Main storyline heading into Friday: Can the upstart 22-year-old Davis hold off the star power chasing him or will he fold to the pressure of major champions in his rearview mirror? Day (afternoon) and Spieth (morning) are once again on opposite ends of the draw on Friday as they try to improve their position before the weekend.

Shot of the day: It’s tough to beat an ace in this category, and we had one of those on Thursday from Australian Brad Shilton. Shilton’s hole-in-one on the par-3, 188-yard 11th hole came with a special prize, a $16k watch.

Quote of the day: “Just two bad holes. Pretty much just two bad swings for the day,” – Day, after his 66 on Thursday. 

Watch: Shilton wins $16k timepiece with hole-in-one

By Golf Channel DigitalNovember 23, 2017, 2:50 am

Australian Brad Shilton made a hole-in-one on the par-3, 188-yard 11th hole during the first round of the Australian Open, and he was rewarded handsomely for his efforts - with a Tag Heuer watch worth $16k.

Day gets in early mix with 66 in return to Australia

By Associated PressNovember 23, 2017, 2:32 am

SYDNEY - Jason Day's first tournament round in Australia in four years was a 5-under 66 to put him among the leaders early Thursday at the Australian Open.

Day's round came unhinged late with a double-bogey 6 on the par-4 eighth hole, his second-last of the day. He hit his tee shot into the trees on the left, hit back out to the fairway, missed his approach to the green and then couldn't get up and down.

''That was brutal,'' Day said of the 481-yard hole that played into gusting winds.

But Day recovered quickly to birdie his last to sit three strokes behind fellow Australian and early leader Cameron Davis, who started on the first, had six front-nine birdies and shot 63 at The Australian Golf Club.

In between the two was Australian Taylor MacDonald, who shot 65.

''It was a pretty solid round, I didn't miss many fairways, I didn't miss many greens,'' Day said. ''I'd give myself a seven or eight out of 10.''

Defending champion Jordan Spieth, attempting to win the Australian Open for the third time in four years, was off to a poor start among the afternoon players, bogeying his first two holes.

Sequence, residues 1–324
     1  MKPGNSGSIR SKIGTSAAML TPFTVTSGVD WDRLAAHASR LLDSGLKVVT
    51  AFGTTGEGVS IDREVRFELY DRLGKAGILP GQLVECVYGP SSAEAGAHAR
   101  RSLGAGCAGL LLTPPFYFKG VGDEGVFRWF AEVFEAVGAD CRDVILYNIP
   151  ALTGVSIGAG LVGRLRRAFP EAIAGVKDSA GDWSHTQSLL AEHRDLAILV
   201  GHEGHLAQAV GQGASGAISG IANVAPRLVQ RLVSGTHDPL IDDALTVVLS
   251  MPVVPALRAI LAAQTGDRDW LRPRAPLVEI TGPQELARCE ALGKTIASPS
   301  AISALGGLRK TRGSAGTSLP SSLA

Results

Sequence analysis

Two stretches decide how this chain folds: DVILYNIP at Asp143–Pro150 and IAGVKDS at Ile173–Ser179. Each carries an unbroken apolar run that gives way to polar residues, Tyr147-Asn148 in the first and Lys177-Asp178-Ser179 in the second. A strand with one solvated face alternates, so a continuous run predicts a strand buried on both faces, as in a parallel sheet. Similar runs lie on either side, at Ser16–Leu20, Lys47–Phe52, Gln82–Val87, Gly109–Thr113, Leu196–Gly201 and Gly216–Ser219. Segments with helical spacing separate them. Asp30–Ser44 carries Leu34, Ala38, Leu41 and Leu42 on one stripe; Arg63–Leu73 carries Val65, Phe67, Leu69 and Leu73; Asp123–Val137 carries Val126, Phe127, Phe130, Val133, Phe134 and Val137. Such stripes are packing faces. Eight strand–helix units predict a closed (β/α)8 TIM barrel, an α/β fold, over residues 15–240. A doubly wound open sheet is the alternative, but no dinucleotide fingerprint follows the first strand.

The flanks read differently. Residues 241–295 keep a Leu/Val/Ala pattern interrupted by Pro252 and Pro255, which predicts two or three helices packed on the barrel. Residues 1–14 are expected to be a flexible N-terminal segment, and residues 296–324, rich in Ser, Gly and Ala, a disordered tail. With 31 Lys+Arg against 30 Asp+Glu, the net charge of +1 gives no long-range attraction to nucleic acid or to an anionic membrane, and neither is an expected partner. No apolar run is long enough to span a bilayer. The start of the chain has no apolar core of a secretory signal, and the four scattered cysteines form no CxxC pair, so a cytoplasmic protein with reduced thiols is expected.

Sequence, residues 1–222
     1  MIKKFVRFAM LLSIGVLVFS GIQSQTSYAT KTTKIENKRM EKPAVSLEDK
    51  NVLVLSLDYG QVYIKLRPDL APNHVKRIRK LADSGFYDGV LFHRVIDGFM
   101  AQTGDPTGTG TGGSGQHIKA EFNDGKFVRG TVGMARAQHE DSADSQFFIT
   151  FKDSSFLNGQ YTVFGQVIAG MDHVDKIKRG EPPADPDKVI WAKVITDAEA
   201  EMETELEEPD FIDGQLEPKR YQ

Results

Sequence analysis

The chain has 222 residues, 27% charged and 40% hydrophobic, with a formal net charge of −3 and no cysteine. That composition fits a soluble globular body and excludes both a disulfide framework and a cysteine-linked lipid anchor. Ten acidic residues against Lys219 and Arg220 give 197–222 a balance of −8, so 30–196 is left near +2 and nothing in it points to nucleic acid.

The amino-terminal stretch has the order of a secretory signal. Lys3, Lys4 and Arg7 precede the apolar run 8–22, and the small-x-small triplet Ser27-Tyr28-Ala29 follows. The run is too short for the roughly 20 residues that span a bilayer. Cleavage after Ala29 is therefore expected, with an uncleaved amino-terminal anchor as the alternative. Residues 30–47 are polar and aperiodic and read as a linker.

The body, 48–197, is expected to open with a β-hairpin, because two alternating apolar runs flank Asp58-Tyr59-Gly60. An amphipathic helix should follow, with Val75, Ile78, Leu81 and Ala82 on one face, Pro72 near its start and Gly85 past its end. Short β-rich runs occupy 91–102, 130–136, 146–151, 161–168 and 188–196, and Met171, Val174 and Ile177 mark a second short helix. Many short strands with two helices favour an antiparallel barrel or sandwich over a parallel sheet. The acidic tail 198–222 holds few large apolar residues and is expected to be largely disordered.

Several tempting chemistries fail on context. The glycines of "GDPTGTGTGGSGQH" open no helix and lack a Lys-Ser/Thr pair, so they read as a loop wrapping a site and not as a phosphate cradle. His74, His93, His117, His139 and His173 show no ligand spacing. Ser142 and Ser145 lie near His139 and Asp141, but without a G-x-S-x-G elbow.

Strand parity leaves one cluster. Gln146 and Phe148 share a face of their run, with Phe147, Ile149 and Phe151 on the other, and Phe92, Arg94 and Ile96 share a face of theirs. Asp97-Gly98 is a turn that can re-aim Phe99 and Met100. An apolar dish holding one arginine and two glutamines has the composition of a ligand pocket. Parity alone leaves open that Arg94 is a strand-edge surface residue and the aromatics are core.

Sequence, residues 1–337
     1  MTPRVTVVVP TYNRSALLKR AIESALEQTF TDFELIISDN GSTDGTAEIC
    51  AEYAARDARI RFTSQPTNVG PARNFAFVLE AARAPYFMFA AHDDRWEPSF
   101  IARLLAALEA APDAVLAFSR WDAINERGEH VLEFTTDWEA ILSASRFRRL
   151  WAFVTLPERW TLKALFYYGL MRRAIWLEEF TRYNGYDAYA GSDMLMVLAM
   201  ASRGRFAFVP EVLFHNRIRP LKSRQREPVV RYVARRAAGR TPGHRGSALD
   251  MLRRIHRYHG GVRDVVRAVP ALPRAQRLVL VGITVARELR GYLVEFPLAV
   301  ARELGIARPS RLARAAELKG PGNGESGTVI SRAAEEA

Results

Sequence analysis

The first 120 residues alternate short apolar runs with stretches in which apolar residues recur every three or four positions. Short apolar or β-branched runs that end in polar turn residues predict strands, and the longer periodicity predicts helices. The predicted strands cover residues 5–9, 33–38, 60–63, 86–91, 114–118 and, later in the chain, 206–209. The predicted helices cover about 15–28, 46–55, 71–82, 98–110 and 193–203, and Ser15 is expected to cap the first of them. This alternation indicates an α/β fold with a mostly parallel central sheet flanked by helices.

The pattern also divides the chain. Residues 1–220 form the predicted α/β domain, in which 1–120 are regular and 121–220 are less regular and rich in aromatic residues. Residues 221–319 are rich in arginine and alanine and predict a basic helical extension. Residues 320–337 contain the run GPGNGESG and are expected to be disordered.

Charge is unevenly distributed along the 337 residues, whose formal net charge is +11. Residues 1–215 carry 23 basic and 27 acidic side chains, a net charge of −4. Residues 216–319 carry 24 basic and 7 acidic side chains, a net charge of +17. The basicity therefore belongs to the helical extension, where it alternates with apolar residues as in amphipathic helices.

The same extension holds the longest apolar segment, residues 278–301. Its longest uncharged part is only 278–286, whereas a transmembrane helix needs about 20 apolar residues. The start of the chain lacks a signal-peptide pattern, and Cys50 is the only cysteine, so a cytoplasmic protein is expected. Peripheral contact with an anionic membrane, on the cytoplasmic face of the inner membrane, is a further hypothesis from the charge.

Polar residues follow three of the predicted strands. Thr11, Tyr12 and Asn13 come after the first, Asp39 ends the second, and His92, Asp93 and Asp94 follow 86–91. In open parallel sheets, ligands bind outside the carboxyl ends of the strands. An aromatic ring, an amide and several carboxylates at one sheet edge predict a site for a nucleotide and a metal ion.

The Sydney-born Davis played most of this season on the Mackenzie Tour in Canada and will attempt to secure his Web.com card in the final round of qualifying from Dec. 7-10 in Chandler, Arizona.

''Everything went to plan,'' Davis said. ''I got off to a great start. I was hitting my spots and was able to keep it together on the back nine.''

NOTES: Australian Brad Shilton had the first ace of the tournament, using a 5-iron for a hole-in-one on the par-3, 188-yard 11th hole, his second hole of the day. Australian veteran Geoff Ogilvy, the 2006 U.S. Open winner, shot 69. He and Rod Pampling (68) played the first round with Day.

Day: Woods feeling good, hitting it long

By Golf Channel DigitalNovember 22, 2017, 9:33 pm

Jason Day says Tiger Woods told him he feels better than he has in three years, which is good news for Woods a week ahead of his return to the PGA Tour at the Hero World Challenge.

Day, a fellow Nike endorser, was asked about Woods during his news conference at the Emirates Australian Open on Wednesday. "I did talk to him," Day said, per a report in the Sydney Morning Herald,"and he did say it's the best he's ever felt in three years'" Day said.

"He doesn't wake up with pain anymore, which is great. I said to him, 'Look, it's great to be one of the best players ever to live, but health is one thing that we all take for granted and if you can't live a happy, healthy life, then that's difficult.'"

The Hero World Challenge will be played Nov. 30-Dec. 3 in the Bahamas and broadcast on Golf Channel and NBC.

Day, who has had his own health issues, said he could empathize with Woods.

"I totally understand where he's coming from, because sometimes I wake up in the morning and it takes me 10 minutes to get out of bed, and for him to be in pain for three years is very frustrating."

Woods has not played since February after undergoing surgery following a recurrence of back problems.

"From what I see on Instagram and what he's been telling me, he says he's ready and I'm hoping that he is, because from what I hear, he's hitting it very long," Day said.

"And if he's hitting it long and straight, then that's going to be tough for us because it is Tiger Woods. He's always been a clutch putter and in amongst the best and it will be interesting to see.

"There's no pressure. I think it's a 17- or 18-man field, there's no cut, he's playing at a tournament where last year I think he had the most birdies at."